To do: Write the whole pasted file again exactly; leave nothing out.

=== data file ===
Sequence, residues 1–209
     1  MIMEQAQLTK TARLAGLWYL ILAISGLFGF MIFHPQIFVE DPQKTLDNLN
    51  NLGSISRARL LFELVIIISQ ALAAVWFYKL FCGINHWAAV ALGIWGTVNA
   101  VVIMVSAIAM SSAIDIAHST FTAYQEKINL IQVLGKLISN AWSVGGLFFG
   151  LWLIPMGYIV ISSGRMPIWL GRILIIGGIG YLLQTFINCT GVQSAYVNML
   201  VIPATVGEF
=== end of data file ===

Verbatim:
Sequence, residues 1–209
     1  MIMEQAQLTK TARLAGLWYL ILAISGLFGF MIFHPQIFVE DPQKTLDNLN
    51  NLGSISRARL LFELVIIISQ ALAAVWFYKL FCGINHWAAV ALGIWGTVNA
   101  VVIMVSAIAM SSAIDIAHST FTAYQEKINL IQVLGKLISN AWSVGGLFFG
   151  LWLIPMGYIV ISSGRMPIWL GRILIIGGIG YLLQTFINCT GVQSAYVNML
   201  VIPATVGEF